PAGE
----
PhotoPills User Guide (II)

By Rafael Pons

(Updated to iOS v2.8.1, Android v1.3.1)

Content - Part I

Section 1: Getting Started

The first thing you should do when downloading PhotoPills: Enable the Widgets!
How to approach PhotoPills? Set a goal first!
The three PhotoPills Menus (My Stuff, Pills and Academy)
Tell us your pain and we’ll tell you the pill to take (problem vs. solution)

Section 2: Planner - Introduction

Introduction to planning
The 4 parts of the Planner

Section 3: Planner - Top Panels

Panel 1: Shadow length calculator
Panel 2: Pin to pin geodetic info (Black Pin)
Panel 3: Sun/Moon position (azimuth and elevation)
Panel 4: Sun/Moon rise and set times
Panel 5: Twilights
Panel 6: Golden hour and blue hour
Panel 7: Galactic Center visibility (Milky Way)
Panel 8: Milky Way quality and position
Panel 9: Eclipse selector and info
Panel 10: Eclipse phase times

Section 4: Planner - Map

Red Pin
Black Pin
Map buttons: (+) Map button and Map settings button
Map information: Sun, Moon, Milky Way, Twilights, Shadows and Eclipses

Section 5: Planner - (+) Map button (toolbar)

(+) Map button (toolbar): GPS button, Move Red Pin, Undo/Redo, Expand Map, Swap Pins, Expand lines, Map type, Lock toolbar

Section 6: Planner - Map Settings button

Planner modes: Camera mode and Drone mode
Map type
Map layers overview
Sun layer
Moon layer
Milky Way layer
Twilights layer
Shadow layer
Eclipse layer
Reset Map layers

Section 7: Planner - Time Bar

How to change date and time with the Time Bar

Section 8: Planner - Bottom options

Find
AR (Augmented Reality)
Night AR (Night Augmented Reality)
Load
Save
More > Date
More > Horizon
More > Action

Content - Part II

Section 9: Sun

Info
Calendar
AR (Augmented Reality)
Seasons
Action

Section 10: Moon

Info
Calendar
AR (Augmented Reality)
Distances
Action

Section 11: Exposure

Long exposure calculator (ND filters, Star Trails, low light and at night)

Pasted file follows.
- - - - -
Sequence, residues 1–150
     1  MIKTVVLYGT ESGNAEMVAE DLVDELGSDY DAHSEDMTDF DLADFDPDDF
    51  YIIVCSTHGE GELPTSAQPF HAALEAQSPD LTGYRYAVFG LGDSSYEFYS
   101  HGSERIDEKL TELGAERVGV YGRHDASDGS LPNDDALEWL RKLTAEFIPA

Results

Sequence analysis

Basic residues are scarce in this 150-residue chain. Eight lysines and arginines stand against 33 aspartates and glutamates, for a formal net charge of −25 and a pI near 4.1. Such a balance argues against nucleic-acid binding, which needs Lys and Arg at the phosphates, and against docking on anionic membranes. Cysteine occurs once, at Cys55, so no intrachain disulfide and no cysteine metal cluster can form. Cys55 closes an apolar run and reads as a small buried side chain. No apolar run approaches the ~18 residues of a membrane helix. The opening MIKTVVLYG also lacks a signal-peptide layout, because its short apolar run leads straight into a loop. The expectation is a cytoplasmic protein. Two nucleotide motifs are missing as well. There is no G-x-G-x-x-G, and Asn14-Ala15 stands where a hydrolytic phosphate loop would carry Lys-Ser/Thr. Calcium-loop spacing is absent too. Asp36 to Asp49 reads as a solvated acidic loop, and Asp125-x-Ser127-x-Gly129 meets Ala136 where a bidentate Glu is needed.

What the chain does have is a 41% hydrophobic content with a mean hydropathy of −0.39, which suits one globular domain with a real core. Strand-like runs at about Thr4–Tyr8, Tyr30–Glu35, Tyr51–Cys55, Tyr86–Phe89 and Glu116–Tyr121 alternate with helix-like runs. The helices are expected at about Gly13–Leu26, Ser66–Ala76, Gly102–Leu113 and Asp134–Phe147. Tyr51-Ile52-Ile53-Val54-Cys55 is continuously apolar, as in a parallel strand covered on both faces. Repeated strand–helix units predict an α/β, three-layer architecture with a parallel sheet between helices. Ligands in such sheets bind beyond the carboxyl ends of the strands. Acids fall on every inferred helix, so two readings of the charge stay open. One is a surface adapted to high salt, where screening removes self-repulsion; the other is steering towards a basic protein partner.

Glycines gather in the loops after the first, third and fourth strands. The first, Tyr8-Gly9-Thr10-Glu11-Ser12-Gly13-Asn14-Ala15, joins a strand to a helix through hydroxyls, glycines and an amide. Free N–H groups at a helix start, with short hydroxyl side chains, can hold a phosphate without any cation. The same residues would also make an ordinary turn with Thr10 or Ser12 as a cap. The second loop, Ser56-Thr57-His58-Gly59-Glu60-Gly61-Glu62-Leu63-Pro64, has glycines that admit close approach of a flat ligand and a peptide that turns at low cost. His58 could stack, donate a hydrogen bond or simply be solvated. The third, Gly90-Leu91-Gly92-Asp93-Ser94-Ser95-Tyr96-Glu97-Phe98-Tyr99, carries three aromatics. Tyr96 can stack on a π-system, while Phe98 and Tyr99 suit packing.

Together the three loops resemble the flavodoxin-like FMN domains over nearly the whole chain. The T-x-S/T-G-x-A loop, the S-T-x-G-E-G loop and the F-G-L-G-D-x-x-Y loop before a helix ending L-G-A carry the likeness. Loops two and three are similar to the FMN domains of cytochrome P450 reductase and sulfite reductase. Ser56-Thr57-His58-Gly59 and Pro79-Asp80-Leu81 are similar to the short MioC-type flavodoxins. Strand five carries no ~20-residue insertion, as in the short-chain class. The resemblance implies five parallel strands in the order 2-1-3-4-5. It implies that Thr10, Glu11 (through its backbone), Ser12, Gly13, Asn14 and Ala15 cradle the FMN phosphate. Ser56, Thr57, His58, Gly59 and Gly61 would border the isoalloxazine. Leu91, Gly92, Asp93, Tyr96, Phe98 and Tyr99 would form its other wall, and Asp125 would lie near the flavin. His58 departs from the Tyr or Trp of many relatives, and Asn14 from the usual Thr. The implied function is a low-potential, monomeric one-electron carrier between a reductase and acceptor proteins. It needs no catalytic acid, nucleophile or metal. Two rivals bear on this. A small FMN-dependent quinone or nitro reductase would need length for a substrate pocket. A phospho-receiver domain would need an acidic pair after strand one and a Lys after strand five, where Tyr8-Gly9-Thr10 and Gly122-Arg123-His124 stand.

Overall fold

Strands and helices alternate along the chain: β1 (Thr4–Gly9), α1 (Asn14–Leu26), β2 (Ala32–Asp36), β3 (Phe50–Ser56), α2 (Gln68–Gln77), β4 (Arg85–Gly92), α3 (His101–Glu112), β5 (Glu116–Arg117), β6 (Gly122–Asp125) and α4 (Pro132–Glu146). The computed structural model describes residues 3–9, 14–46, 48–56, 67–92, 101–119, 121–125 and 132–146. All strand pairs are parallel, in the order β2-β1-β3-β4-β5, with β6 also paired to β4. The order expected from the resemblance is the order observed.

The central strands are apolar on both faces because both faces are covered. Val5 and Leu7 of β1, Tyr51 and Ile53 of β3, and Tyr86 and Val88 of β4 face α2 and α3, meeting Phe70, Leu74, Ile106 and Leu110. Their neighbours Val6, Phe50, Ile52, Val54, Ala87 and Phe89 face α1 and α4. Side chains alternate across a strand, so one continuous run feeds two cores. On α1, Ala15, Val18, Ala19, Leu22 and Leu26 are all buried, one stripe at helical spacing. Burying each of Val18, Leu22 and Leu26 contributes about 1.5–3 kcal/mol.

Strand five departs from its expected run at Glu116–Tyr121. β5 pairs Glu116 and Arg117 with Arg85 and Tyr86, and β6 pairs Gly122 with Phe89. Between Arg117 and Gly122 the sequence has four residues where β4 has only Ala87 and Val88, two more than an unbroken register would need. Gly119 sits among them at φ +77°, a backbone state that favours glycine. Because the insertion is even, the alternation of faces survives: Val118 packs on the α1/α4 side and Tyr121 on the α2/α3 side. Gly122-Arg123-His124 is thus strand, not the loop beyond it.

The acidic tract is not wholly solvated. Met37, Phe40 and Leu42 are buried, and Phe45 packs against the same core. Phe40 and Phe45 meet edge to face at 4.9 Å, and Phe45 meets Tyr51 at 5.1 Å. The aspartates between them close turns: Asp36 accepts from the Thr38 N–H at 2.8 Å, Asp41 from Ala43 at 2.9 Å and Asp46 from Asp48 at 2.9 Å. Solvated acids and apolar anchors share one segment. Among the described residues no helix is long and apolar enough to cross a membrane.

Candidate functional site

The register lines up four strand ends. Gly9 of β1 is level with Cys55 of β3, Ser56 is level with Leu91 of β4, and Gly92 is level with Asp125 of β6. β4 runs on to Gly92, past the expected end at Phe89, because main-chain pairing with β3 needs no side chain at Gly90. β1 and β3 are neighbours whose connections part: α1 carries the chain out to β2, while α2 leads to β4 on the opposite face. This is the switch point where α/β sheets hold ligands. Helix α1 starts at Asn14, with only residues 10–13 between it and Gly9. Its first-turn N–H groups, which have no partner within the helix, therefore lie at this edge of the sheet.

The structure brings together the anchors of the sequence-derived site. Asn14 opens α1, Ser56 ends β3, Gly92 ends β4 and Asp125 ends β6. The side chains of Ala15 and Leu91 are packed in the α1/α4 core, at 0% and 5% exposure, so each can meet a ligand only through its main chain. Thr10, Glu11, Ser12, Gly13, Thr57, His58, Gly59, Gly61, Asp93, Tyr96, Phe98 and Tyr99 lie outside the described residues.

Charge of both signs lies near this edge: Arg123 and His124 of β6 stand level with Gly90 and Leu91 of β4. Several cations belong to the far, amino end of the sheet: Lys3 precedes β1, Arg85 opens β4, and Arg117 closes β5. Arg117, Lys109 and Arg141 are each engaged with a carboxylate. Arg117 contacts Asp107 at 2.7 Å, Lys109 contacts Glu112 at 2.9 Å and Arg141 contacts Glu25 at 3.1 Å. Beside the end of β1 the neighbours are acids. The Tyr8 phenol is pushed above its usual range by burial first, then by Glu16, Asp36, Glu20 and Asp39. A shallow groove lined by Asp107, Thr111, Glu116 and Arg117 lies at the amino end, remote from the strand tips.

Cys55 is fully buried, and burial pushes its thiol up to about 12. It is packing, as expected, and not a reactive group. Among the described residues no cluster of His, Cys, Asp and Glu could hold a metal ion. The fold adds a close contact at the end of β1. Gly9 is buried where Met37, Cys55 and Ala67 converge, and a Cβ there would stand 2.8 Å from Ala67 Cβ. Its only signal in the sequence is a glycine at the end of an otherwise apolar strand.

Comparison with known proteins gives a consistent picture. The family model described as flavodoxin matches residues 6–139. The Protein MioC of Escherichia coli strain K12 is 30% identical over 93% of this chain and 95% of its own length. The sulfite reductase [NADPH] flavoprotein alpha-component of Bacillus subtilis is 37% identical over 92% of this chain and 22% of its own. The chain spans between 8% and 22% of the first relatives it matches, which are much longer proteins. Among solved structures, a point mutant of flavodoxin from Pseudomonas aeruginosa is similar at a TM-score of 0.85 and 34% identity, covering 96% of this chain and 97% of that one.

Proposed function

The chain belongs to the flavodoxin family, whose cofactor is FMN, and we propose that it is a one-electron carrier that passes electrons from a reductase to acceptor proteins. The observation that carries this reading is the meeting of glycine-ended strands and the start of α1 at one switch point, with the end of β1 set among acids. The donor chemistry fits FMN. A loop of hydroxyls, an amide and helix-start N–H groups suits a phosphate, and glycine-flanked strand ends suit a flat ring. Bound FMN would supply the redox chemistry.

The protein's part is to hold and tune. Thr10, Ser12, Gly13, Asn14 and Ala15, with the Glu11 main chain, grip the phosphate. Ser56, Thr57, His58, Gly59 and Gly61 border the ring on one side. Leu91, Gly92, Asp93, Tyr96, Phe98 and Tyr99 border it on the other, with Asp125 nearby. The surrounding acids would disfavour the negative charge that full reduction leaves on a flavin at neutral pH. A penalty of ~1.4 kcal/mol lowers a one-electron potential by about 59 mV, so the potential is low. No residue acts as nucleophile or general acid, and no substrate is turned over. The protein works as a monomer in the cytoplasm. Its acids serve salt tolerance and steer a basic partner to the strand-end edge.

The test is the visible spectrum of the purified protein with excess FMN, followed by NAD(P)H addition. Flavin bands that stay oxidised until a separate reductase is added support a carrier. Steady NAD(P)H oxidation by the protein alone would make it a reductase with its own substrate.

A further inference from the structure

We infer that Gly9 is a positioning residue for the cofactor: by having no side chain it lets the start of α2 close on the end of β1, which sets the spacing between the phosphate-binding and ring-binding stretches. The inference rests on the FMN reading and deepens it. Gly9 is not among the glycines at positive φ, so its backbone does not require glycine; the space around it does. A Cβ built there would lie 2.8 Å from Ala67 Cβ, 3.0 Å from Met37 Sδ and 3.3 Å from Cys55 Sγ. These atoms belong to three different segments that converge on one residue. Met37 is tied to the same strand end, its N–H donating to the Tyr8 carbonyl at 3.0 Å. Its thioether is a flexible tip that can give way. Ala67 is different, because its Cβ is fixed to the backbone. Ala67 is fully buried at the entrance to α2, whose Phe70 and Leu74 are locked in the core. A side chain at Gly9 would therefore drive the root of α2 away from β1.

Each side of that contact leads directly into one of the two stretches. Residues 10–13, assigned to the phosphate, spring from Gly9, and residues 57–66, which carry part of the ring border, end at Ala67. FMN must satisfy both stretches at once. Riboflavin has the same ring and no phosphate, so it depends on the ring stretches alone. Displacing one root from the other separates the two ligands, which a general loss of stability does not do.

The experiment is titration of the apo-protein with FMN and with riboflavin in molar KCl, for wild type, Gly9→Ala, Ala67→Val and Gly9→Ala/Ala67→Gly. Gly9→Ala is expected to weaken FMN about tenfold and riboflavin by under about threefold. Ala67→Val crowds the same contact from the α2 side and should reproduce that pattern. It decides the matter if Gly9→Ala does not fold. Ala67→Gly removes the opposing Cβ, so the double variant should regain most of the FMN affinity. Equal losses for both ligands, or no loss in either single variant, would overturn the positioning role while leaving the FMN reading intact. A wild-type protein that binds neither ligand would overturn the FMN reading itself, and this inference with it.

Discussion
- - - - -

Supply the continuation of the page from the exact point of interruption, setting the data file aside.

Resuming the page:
Exposure values
Timer
Share

Section 12: Depth of Field (DoF)

Classic depth of field calculator
Inverse
Advanced
To field of view (FoV)
AR (Augmented Reality)
Share

Section 13: Depth of Field Table

Depth of field table
Visual
AR (Augmented Reality)
Share

Section 14: Hyperfocal Table

Hyperfocal table
Visual
AR (Augmented Reality)
Share

Section 15: Field of View (FoV)

Classic field of view calculator
Inverse
AR (Augmented Reality)
To depth of field (DoF)
Share

Section 16: Subject distance

Subject distance calculator
To depth of field (DoF)
To field of view (FoV)
AR (Augmented Reality)
Share

Section 17: Focal Length Match

Focal length match calculator
Share

Section 18: Night Augmented Reality (AR)

Night AR
Settings
Visual calibration
Action

Section 19: Star Trails

Star Trails calculator
Timer
Share

Section 20: Spot Stars

Spot Stars calculator
AR (Augmented Reality)
Timer
Share

Section 21: Time lapse

Time lapse calculator
Interval table
Timer
Share

Section 22: Timer

Timer

Section 23: My Stuff (Menu)

Awards
Plans
Points of Interest
Backup
Settings

Section 24: Academy (Menu)

User Guide
Video Tutorials
"How To" articles
T-Shirts
The Team
Rate the app
Feedback
Glossary

Section 25: This is just the beginning

What’s next?

Part II

9.Sun

You’ll find the Sun Pill in the Pills menu. And it works offline!

It gives you quick access to all the Sun information, including: Sunrise and Sunset times, Sun path view in augmented reality (AR), golden hour, blue hour and twilight times, Moonrise and Moonset times, Moonphase, Galactic Center visibility times and more.

Use it in the field to have a fast look to the daily information or to visualize the Sun position and path with the augmented reality view (even offline).

Info

Sun > Info: All the key Light, Sun, Moon and Milky Way events for the selected date and location.
Sun > Info: Scroll the screen to discover more info.
Location, date and time

Right above the big Sun picture you’ll see the date, time and location the Sun Pill is using to display all the information.

Settings: change location and time

By default, the Sun Pill gives you the information relative to your current position, date and time. But you can choose a different location, date and time by tapping on the Settings button (top right-hand corner).

There is another way to change the date and time. We’ll show it to you in the following section.

Change date and time shortcut

To jump to the next day, tap the arrow you see on the right-hand side of the big Sun picture.

To jump to the previous day, tap the arrow you see on the left-hand side of the big Sun picture.

To change time forward, swipe the big Sun picture to the left.

And to change time backwards, swipe the big Sun picture to the right.

Big Sun Picture, rise and set times and light

The big picture of the Sun will change its color as the light changes: yellow (daytime), orange (golden hour), purple (blue hour), dark purple (nautical twilight), dark blue (astronomical twilight), and gray-yellow (nighttime).